A relatively recent addition to Te Anau's list of things to do is the Lake2Lake Cycle Trail. This gentle bike ride follows the Waiau River as it flows from the outlet of Lake Te Anau into Lake Manapouri. The track is around 19km long and offers stunning views of the powerful Waiau, as well as Fiordland which sits on the other side of the river. Bikes hire is available in Te Anau.
If you're looking for something less strenuous, it's hard to beat a ride along the lakefront in the centre of Te Anau. Start from the DOC Information Centre and cruise into town for a coffee. Or head out past the Boat Harbour and ride along the well-formed path to where the Upukerora River flows into Lake Te Anau. Enjoy uninterrupted views of the lake and the stunning mountain ranges beyond, as well as the chance to check out the houses occupying their enviable positions along the lakefront.
And if dirt and downhill is your thing, you'll be happy to hear the mountain bike craze hasn't spared Te Anau. Just out of central Te Anau, you'll find Perenuka Mountain Bike Park with a range of downhill tracks. Not far from town, local bike enthusiasts have created a fun jump park at the Waterpark which caters to all ages and abilities. And in the centre of town, the ever-popular pump track is the place to be whether you’re on a skateboard, scooter or bike.
Milford Sound - more than cruise boats
We all know the absolute must-do in Milford Sound is a stunning scenic cruise along the fiord. But there are other options for exploring Milford Sound which will appeal to anyone keen to see the fiord from a different perspective.
Kayaking in Milford Sound is one of those activities you will remember for a lifetime. Nothing quite compares to the experience of sitting on the surface of the water as the ocean swells underneath and feeling the enormity of the fiord's giant cliffs towering above. Kayaking is a chance to take it slow and soak in the most famous of Milford's landmarks like Mitre Peak or Bowen Falls. If you're lucky, Milford Sound's dolphins may pay a visit. Kayaking trips range in length and offer options for beginners or experts.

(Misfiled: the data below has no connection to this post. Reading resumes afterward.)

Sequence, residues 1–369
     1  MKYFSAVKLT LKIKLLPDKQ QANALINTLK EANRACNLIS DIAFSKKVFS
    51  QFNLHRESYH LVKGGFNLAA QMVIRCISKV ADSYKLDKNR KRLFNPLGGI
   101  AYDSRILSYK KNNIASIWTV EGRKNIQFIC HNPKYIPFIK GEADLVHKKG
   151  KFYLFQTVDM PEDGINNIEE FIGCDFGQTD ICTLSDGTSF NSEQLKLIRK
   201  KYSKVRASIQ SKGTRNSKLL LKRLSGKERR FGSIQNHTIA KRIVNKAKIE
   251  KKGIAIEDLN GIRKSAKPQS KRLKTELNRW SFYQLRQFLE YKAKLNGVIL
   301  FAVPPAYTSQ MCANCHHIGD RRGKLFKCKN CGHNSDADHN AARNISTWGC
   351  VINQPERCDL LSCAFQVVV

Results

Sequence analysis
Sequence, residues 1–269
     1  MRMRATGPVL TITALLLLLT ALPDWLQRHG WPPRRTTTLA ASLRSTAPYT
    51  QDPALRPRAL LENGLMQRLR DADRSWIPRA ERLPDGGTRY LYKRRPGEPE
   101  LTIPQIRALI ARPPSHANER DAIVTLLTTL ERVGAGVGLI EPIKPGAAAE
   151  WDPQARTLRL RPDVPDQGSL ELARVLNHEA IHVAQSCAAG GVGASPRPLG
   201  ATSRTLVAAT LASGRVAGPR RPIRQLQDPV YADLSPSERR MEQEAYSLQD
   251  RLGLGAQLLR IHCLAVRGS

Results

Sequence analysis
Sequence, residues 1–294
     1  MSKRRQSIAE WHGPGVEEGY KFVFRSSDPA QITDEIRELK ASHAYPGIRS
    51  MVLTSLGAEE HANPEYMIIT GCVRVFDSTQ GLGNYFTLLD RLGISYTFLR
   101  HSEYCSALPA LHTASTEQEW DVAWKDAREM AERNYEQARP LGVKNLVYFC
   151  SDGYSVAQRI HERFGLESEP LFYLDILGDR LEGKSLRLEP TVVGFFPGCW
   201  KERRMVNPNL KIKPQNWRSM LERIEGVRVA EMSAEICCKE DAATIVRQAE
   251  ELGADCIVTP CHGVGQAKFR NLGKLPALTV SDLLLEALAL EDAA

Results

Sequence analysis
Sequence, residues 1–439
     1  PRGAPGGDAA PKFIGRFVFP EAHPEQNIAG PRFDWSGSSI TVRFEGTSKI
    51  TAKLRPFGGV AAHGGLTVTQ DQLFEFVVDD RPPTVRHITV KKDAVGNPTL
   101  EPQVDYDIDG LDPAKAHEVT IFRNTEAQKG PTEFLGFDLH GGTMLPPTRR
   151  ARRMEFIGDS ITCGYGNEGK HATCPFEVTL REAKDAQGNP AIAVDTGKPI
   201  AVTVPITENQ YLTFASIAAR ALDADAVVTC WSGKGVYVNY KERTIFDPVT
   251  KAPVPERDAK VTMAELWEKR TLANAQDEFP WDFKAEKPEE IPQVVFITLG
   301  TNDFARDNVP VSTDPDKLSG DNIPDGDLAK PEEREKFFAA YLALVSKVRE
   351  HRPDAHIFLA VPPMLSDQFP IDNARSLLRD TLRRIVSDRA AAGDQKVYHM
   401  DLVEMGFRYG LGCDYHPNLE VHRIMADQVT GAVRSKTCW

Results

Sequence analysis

If sitting on the surface of the water isn't enough, you can always take a dive beneath it. In the dark waters of Milford Sound, adventurers will discover a unique dive experience. Diving in Milford Sound takes place within Piopiotahi (Milford Sound) Marine Reserve, a 690-hectare area of protected marine environment on the northern side of the fiord. In this underwater wonderland, divers get an up-close look at the fiord's famous black coral. Black coral (which is actually white) is typically found at depths of over 100 metres, but here in Milford's inky black water, it is found at shallower depths. A dive in Milford Sound is a memorable experience for even the most experienced of divers.
The Milford Swing
There are many (many) reasons to visit Milford Sound. But sometimes, you need something a bit different. And the Milford Swing gives you the perfect reason to head out on a treasure hunt.
The Milford Swing is an unofficial landmark in Milford Sound and a great excuse to head out on a hunt for a secret spot. Thanks to social media, the swing has become famous, but that doesn't necessarily make it easy to find.
There are no signposts to the swing so you may have to ask a friendly local. As a rough guide, start from the Milford Sound car park and take the Milford Foreshore walking track. After you have crossed the wooden bridge, keep an eye out to your right-hand side, and you should soon find the swing located between two trees on a sandy patch of beach.
While the swing has become an Instagram sensation of late, you may just be lucky enough to have an incredible view of Mitre Peak and the entrance to the fiord all to yourself.
Find a full list of Fiordland activities here. And click here for a directory of all of Te Anau’s businesses which are open throughout the winter season.